SoftNAS on Azure front-ends Azure VHDs (block-based storage) and presents it as volumes in industry standard formats such as CIFS/SMB, NFS, AFP, and iSCSI. This allows organizations to use Azure-based storage without changing the format of their app data, improving flexibility.
By also leveraging Blob storage, SoftNAS can increase the storage capacity of mid-range Azure sizes significantly, ensuring our customers save money by only paying for the storage they need, rather than the larger network capacities, additional RAM, and extra cores that would be required in order to provision the same storage capacity with block-based storage.
Microsoft Azure provides computing virtual machinesrunning on the XenSource hypervisor. Each instance is a unique copy of a virtual machine image. There are over 200 possible combinations of the Azure virtual machine. When choosing a virtual machine type for production deployment, give careful consideration to the overall storage demand and best practices for performance. The top two things to consider are IOPS and Throughput. SoftNAS® specific configurations to consider are the use of Deduplication and/or Compression.
SoftNAS® offers the broadest range of instance sizes and region availability on Microsoft Azure™. It’s important to select the right instance size to configure a storage solution that is the right combination of performance and price for your use case. General guidance and a guide tool are provided to help you select the virtual machine size for your workload to get your project started. Our instance size calculation tool is available directly on our main website here.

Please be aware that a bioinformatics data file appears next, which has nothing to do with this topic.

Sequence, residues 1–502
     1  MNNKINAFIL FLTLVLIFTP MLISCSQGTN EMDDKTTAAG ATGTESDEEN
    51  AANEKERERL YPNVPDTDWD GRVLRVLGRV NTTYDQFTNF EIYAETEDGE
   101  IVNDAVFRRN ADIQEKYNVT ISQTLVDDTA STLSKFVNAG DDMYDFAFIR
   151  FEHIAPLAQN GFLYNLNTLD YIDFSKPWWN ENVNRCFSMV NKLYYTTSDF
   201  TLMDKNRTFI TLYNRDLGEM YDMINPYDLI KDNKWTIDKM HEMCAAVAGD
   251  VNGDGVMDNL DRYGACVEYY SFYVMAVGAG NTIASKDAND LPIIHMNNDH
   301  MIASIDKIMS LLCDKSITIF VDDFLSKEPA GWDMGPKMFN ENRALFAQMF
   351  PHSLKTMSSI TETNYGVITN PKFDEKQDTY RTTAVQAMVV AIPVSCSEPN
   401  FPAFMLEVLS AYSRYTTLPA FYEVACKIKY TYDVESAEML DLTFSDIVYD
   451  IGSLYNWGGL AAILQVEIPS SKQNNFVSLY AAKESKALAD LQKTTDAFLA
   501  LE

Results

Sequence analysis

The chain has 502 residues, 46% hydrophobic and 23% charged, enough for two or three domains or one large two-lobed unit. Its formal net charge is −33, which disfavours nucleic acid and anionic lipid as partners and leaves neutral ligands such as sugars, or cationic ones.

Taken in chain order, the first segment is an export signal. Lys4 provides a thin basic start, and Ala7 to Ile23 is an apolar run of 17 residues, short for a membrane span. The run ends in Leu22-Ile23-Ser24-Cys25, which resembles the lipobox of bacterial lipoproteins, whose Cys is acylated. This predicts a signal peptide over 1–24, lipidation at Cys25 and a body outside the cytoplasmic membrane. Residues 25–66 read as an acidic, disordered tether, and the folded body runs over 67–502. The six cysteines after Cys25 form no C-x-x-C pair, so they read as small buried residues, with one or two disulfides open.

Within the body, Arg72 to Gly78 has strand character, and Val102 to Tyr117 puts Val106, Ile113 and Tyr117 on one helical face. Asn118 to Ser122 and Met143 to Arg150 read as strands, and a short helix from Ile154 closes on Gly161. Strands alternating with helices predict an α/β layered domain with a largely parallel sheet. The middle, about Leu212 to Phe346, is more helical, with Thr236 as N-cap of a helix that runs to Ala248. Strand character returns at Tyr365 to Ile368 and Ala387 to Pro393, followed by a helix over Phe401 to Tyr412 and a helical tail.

The SoftNAS Cost Savings Calculator is designed to help new users find the right initial instance size for their workload quickly and easily. Buurst always recommends further analysis and testing of their selected instance until workload characteristics are fully understood. This will allow the customer to then refine their instance size selection to the perfect balance of performance and cost.
The guidance below is intended to help you choose the initial VM size for your SoftNAS server.
Your storage system's data efficiency depends on many factors, not least of which are the resources you assign to it. This is true of any platform, not just Azure. Resources that SoftNAS leverages includes CPU and RAM, both of which are important to improve read and write speeds. SoftNAS leverages both Ram and disk for caching to optimize read and write performance. SoftNAS also support data reduction features such as deduplication or compression which does consume CPU cycles and must be considered when choosing your instance.
The performance of your workload on SoftNAS is dependent on the type of storage used and the format of stored data. A data store is a generic term for what SoftNAS utilizes at the back end to hold the data. Data stores can vary from all SSD (typically on a block type data store) to hard disk drives which are often used for expansive storage like object-based data stores.
The right formula for providing a good workload experience starts with the use case. This means first understanding whether your first consideration is high performance, or if your use case requires large amounts of storage at a lower cost.